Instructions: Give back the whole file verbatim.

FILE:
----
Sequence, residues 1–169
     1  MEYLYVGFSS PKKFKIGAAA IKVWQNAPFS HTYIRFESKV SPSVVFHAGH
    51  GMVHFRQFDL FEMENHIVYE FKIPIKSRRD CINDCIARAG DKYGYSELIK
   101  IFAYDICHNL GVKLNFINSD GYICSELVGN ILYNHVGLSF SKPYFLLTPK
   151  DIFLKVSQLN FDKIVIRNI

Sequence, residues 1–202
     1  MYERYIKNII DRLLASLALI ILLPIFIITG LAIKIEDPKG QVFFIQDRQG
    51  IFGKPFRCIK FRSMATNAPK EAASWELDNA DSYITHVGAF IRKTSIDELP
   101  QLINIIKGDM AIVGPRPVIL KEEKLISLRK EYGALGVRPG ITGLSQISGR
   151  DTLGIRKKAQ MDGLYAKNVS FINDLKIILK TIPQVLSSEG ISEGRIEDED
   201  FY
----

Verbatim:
Sequence, residues 1–169
     1  MEYLYVGFSS PKKFKIGAAA IKVWQNAPFS HTYIRFESKV SPSVVFHAGH
    51  GMVHFRQFDL FEMENHIVYE FKIPIKSRRD CINDCIARAG DKYGYSELIK
   101  IFAYDICHNL GVKLNFINSD GYICSELVGN ILYNHVGLSF SKPYFLLTPK
   151  DIFLKVSQLN FDKIVIRNI

Sequence, residues 1–202
     1  MYERYIKNII DRLLASLALI ILLPIFIITG LAIKIEDPKG QVFFIQDRQG
    51  IFGKPFRCIK FRSMATNAPK EAASWELDNA DSYITHVGAF IRKTSIDELP
   101  QLINIIKGDM AIVGPRPVIL KEEKLISLRK EYGALGVRPG ITGLSQISGR
   151  DTLGIRKKAQ MDGLYAKNVS FINDLKIILK TIPQVLSSEG ISEGRIEDED
   201  FY